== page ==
- Fallout continues from revelations that Manhattan District Attorney Cyrus Vance accepted significant donations from criminal defense lawyers, with the focus shifting to the fact that the practice is allowed under New York law and that other area DA’s, namely Brooklyn’s Eric Gonzalez, routinely accept similar donations. It is possible that the scrutiny will result in a change to the State’s campaign finance laws as has taken place in other similar scandals in recent years.
- Council Member Jumaane Williams (District 45, Flatbush), a potential progressive challenger to Cuomo in the 2018 Democratic Primary, is introducing a bill that would prohibit NYC employers from discriminating against employees that seek birth control or abortions. CM Williams has recently received criticism over an ambiguous record on social issues like abortion and gay marriage. Williams also met with Syracuse mayor Stephanie Miner, another rumored progressive Cuomo challenger, at last weekend’s New York Progressive Action Network Fall conference.
- Inaugurated with big promises of police reform, Mayor de Blasio’s first term has largely been a series of tensions and disappointments for reformers, including an embrace of broken windows policing and the hiring over 1,000 new police officers.
- Much of New York City’s affordable housing landscape is determined at the state level, where developers and landlords donate heavily to Upstate and Long Island lawmakers in order to influence rent control and land use policy within the five boroughs.
- Prior to Governor Cuomo’s recent announcement that General Motors would begin testing self driving cars in the state, the governor received a large donation from the auto giant.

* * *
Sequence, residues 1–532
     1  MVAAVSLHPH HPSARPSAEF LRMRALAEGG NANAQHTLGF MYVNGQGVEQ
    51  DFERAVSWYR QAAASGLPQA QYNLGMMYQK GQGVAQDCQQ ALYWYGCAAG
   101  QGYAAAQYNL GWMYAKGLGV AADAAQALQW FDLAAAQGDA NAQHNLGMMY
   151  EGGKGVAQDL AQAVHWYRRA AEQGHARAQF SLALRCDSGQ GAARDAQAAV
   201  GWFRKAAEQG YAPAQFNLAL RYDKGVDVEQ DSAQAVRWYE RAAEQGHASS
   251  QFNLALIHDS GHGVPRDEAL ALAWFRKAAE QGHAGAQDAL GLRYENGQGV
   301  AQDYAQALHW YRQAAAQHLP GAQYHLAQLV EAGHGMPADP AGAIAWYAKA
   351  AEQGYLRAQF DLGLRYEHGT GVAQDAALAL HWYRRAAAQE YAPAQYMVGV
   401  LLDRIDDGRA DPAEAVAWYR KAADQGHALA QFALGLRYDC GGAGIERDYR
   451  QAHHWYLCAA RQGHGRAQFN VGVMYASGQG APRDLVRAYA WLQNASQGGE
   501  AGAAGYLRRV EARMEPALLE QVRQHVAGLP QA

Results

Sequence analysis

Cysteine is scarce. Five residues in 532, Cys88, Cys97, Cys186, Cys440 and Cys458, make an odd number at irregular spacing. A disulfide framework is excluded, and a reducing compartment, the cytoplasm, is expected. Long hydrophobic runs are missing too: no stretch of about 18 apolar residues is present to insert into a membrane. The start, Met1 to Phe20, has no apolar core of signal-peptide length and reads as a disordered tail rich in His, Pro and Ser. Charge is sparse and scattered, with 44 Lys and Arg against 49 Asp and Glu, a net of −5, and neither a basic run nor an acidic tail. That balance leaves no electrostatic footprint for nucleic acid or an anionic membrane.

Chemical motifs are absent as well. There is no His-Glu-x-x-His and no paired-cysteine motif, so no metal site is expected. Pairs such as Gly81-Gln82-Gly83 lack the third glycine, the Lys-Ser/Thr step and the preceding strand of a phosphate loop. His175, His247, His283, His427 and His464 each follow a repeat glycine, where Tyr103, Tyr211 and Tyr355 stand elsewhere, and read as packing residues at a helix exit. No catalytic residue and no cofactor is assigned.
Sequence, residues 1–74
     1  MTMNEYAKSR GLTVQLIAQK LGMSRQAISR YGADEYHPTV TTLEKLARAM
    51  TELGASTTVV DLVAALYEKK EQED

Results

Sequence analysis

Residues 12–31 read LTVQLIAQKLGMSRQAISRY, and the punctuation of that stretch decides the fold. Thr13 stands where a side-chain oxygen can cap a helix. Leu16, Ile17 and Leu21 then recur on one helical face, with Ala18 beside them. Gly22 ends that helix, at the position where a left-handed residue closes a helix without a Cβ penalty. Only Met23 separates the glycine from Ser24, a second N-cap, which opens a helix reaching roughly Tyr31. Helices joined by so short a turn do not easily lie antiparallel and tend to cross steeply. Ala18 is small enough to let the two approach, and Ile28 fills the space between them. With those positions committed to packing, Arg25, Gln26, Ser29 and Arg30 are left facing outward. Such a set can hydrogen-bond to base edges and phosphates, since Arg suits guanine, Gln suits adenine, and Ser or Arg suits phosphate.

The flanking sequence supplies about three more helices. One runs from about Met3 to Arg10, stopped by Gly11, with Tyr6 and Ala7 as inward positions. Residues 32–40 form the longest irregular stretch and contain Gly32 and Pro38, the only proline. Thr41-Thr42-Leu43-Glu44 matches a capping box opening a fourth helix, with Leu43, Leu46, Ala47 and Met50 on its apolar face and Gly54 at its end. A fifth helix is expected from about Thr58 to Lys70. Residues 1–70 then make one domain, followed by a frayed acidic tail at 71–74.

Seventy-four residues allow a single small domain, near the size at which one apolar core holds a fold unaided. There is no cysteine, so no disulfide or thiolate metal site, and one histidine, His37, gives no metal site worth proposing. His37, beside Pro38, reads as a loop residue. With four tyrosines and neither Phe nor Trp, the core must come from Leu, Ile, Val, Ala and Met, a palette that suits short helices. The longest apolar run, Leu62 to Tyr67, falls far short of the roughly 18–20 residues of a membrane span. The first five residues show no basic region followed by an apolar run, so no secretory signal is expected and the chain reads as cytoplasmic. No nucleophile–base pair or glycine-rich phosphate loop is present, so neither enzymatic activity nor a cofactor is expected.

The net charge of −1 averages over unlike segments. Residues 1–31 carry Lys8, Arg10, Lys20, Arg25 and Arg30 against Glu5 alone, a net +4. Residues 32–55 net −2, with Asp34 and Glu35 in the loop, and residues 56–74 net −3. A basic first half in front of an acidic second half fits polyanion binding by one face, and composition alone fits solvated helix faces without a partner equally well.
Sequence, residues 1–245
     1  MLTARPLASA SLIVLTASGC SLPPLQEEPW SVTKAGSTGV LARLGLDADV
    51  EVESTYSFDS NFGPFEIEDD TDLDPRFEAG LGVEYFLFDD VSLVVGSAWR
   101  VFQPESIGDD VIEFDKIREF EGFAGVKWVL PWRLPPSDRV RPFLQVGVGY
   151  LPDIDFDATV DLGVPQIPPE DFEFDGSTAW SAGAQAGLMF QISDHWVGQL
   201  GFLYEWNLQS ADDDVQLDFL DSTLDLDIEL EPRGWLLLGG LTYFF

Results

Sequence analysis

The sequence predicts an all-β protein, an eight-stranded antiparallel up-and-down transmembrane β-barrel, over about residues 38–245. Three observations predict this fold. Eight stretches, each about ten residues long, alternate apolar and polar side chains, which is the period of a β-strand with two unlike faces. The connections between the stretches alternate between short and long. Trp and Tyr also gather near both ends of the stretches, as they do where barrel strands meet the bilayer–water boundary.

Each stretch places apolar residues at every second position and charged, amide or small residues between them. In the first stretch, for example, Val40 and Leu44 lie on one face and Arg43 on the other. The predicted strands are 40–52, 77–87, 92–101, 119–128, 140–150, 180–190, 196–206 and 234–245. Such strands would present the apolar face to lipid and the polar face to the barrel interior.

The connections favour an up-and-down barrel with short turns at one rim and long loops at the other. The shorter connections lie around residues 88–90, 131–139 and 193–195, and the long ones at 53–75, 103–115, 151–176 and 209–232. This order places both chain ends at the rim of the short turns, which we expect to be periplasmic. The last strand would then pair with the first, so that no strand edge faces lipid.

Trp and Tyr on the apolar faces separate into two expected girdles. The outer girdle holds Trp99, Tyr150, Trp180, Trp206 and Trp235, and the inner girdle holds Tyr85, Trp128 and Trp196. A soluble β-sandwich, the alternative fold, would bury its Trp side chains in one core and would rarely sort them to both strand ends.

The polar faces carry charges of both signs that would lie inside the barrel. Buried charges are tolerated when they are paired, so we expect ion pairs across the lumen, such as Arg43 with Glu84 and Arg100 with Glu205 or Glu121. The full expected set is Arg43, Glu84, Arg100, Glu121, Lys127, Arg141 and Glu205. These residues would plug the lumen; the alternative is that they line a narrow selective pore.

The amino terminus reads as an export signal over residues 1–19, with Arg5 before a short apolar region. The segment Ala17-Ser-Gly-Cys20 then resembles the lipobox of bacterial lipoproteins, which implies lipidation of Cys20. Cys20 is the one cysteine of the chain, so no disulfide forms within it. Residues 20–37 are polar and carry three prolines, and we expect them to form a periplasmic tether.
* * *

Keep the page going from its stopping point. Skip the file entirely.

- New York City continues to grovel for Amazon’s siting of its second corporate headquarters, which will allegedly bring 50,000 new jobs to the City. However, several notable elected officials abstained from signing on to effort to woo Amazon. Two contenders to become the next City Council Speaker, Council Members Donovan Richards (District 31, SE Queens) and Corey Johnson (District 3, Chelsea), cited concerns over the tech giant’s labor record.
- Seven of the eight candidates vying for City Council Speaker have come out against a New York State constitutional convention, which will be on election ballots in November.
- Brian Cunningham, who is running for City Council on the Reform Party Line after losing the Democratic primary to incumbent Mathieu Eugene (District 40, Flatbush), has been endorsed by the Working Families Party with just three weeks left before the general election.
- Syracuse Mayor Stephanie Miner announced that she will not challenge upstate Republican congressperson John Katko (NY - 24) next year, increasing the likelihood that she will run for governor.